A watchdog group has called on the California Department of Motor Vehicles to slow Google down in its rush to get the company’s driverless cars on the road. A prototype for the vehicle was released in May.
According to the Los Angeles Times, the director of Consumer Watchdog Privacy Project, John M. Simpson, writes in a letter to DMV Director Jean Shiomoto, “We call on the DMV to ensure the safety of the public is put well ahead of the self-serving agendas of the manufactures.”
Simpson said Google needs to take more time–at least one year–to properly test the self-propelled vehicles which seat two people, have no steering wheel, and have no brake or gas pedal. He sates the January 1, 2015, timeline in which the DMV is expected to release rules governing the operation of Google’s no-driver vehicles is far too quick and that more time is needed to ensure that the new technology will not be a danger on the roads.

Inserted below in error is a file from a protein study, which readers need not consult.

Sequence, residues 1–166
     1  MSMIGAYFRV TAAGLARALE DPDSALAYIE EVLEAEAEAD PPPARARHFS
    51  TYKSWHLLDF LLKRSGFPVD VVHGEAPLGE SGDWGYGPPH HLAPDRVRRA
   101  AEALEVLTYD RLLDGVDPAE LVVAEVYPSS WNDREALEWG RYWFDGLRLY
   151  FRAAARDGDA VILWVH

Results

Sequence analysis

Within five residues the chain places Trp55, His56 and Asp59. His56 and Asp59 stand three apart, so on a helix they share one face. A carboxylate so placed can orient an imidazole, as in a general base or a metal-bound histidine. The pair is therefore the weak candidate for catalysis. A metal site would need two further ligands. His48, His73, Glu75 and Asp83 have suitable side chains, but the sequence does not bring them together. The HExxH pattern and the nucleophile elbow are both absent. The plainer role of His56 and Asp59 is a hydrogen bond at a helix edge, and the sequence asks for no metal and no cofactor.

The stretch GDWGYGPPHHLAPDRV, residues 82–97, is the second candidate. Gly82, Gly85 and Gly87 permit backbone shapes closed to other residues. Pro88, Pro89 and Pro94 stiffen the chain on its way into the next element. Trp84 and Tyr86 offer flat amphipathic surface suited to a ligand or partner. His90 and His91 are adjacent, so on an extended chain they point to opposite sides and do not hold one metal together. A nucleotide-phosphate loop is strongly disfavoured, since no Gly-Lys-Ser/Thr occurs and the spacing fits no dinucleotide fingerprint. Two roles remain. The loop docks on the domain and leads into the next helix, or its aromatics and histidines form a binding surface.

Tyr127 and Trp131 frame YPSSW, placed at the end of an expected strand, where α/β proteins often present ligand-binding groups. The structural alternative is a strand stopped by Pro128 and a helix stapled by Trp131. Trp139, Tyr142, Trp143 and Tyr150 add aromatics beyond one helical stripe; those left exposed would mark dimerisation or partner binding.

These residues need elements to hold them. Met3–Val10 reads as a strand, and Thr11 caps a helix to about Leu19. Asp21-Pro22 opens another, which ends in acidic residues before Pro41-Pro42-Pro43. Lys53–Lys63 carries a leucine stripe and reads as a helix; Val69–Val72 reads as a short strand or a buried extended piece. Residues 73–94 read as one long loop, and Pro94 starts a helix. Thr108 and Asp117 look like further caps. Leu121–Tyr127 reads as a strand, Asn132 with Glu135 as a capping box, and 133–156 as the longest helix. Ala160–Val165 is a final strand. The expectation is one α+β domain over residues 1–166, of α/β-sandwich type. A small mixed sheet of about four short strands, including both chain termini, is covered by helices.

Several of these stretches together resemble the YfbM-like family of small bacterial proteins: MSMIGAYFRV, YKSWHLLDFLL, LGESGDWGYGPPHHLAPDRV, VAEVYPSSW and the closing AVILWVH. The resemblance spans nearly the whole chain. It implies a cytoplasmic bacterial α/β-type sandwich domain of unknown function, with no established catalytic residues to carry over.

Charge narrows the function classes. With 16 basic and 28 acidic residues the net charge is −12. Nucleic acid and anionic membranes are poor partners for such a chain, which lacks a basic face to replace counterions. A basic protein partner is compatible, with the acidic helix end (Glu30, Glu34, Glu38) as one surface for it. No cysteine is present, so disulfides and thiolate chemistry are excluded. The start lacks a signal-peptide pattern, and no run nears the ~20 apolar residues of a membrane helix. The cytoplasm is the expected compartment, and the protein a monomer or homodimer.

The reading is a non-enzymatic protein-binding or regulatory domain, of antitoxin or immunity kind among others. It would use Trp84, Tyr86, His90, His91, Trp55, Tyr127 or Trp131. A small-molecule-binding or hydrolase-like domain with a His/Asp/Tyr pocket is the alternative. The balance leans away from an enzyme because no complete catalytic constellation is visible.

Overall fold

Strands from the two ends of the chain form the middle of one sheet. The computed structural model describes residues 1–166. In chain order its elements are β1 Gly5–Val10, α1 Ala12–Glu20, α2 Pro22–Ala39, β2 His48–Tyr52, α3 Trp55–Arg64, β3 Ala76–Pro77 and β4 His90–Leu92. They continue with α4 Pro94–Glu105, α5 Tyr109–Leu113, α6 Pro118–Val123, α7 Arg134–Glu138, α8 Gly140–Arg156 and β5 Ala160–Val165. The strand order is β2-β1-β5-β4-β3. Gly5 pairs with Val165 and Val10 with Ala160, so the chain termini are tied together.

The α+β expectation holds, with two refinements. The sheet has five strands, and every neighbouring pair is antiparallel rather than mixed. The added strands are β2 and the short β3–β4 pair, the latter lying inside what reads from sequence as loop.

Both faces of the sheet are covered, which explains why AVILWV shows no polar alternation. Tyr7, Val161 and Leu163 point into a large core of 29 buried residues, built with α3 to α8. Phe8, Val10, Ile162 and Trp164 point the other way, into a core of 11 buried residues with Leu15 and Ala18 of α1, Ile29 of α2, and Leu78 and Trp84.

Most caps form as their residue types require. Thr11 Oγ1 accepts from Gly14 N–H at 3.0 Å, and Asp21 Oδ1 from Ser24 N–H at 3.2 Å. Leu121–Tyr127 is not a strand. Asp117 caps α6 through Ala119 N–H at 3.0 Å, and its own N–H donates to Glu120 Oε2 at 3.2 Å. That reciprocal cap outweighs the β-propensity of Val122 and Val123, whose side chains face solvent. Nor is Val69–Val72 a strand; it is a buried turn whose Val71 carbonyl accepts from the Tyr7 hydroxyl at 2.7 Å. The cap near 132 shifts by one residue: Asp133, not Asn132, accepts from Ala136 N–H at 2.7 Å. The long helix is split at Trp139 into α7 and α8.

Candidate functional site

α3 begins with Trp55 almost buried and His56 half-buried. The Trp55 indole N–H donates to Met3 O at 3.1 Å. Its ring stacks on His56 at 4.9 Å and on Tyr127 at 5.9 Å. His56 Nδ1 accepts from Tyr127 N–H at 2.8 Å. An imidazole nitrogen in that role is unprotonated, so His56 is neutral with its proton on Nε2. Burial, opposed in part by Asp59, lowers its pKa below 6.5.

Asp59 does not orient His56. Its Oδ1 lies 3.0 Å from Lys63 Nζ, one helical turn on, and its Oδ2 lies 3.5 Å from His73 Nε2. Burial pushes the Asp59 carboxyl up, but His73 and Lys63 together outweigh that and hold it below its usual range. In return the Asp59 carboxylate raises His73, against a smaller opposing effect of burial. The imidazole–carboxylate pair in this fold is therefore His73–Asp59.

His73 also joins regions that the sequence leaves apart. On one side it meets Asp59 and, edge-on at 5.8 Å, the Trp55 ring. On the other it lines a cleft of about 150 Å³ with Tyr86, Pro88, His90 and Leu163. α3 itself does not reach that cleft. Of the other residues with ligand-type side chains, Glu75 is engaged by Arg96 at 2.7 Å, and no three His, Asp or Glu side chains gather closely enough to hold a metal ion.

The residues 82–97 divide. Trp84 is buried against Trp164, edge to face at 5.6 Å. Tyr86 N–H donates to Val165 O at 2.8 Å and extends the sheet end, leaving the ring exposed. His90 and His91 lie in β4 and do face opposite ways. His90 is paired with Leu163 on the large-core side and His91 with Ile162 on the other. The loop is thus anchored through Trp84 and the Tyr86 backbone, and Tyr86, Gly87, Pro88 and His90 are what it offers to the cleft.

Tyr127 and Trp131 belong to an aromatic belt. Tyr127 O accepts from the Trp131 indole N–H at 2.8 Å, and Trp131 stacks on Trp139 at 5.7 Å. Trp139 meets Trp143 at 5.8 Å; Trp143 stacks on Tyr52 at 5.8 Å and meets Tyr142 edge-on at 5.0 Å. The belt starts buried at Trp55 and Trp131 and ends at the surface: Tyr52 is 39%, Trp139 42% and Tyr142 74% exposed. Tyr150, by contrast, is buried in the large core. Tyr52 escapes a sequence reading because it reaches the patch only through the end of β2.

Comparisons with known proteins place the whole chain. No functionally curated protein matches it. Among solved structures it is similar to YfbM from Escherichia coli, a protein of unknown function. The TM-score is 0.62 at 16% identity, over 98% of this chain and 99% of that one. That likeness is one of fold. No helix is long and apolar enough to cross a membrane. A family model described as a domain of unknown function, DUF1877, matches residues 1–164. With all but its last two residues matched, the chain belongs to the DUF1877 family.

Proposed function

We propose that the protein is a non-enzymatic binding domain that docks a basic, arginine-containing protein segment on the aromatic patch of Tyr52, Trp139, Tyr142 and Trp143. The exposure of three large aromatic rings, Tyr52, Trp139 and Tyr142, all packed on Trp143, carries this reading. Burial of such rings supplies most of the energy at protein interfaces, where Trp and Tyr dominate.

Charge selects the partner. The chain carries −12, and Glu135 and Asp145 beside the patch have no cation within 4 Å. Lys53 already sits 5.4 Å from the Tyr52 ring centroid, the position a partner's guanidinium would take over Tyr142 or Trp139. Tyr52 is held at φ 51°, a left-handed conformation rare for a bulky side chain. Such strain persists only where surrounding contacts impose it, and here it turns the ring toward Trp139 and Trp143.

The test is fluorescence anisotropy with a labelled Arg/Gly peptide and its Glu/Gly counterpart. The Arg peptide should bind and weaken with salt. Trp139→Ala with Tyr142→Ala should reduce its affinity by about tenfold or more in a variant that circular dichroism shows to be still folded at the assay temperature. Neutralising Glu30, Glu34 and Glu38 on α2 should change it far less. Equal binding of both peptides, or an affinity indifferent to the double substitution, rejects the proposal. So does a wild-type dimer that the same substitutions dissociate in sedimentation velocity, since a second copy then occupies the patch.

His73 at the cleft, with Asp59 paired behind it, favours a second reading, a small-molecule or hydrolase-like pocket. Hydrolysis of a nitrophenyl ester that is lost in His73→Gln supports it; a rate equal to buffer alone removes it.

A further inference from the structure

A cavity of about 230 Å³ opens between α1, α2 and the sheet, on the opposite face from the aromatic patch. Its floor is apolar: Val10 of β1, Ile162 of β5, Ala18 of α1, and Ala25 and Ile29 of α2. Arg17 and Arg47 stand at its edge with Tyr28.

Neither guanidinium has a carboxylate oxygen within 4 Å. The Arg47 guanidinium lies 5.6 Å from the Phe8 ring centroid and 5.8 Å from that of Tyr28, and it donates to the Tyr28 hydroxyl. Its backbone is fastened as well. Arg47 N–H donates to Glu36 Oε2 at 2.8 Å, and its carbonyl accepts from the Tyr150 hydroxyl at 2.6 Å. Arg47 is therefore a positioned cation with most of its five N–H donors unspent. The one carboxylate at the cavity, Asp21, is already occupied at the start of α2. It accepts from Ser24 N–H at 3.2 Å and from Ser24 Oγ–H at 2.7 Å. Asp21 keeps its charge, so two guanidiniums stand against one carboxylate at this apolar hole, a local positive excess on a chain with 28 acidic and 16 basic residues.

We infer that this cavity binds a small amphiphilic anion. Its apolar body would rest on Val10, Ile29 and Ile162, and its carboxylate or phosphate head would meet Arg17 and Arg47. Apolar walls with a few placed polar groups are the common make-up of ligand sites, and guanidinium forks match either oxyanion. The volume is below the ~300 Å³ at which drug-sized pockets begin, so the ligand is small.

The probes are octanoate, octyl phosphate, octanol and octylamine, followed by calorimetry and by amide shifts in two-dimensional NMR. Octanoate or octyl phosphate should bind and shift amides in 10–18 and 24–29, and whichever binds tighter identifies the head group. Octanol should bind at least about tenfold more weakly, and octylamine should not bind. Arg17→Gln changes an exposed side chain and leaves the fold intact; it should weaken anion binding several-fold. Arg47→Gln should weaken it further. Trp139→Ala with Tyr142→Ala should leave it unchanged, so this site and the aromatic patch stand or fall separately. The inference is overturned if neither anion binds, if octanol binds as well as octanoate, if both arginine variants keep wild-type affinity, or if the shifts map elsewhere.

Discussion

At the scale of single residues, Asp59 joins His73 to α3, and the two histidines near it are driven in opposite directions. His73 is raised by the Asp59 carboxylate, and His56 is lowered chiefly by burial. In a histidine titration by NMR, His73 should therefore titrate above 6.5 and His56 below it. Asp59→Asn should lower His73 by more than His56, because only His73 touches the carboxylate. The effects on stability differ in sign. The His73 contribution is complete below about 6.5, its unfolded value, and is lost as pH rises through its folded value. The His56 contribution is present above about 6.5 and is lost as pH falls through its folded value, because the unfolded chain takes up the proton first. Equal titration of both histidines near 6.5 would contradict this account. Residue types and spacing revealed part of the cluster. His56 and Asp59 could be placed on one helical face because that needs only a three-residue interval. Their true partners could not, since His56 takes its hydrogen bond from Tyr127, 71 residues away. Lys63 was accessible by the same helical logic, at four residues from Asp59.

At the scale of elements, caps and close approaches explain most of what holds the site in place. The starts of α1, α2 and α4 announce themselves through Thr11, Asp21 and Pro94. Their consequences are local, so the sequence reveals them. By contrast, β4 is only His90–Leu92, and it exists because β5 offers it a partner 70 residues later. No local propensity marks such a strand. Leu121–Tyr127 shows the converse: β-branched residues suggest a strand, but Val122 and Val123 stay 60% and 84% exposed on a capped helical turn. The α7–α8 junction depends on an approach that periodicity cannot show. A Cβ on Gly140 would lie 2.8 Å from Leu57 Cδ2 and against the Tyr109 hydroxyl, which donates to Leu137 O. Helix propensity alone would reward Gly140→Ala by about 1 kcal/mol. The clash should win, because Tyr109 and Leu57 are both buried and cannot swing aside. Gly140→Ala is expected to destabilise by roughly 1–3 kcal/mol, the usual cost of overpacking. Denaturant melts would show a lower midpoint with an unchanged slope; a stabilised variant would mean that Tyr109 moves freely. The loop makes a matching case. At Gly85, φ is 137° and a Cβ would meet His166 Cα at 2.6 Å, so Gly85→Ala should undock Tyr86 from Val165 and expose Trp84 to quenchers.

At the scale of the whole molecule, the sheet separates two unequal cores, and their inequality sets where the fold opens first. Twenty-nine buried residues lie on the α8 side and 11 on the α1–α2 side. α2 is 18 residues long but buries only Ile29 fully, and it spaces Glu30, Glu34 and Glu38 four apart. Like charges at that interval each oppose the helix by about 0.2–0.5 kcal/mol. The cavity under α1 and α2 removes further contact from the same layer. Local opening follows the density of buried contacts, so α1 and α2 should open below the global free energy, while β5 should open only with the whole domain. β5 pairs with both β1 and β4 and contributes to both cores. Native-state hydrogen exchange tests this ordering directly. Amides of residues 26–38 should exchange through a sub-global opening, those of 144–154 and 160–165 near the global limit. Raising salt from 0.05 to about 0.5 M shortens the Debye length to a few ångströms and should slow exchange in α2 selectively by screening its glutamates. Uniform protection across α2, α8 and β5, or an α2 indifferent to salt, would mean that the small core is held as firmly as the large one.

The group is also calling for an additional six months for the DMV and the public to analyze the findings and results before making the prototypes available to the public for use, notes the Times.
Simpson suggests that “there would be no way for an occupant to take control in an emergency; occupants would be captives of Google’s technology, completely at the Internet giant’s mercy.”
Google insists that its no-driver cars will be safe and cites plans to include blind spot eliminating sensors. It also asserts that the speed of the first vehicles will be topped off at 25 mph.
Companies such as Ford, Toyota, and Mercedes-Benz are testing and employing some forms of self-driving technology in their vehicles. But Google’s prototype would be the first of its kind to be completely hands-free.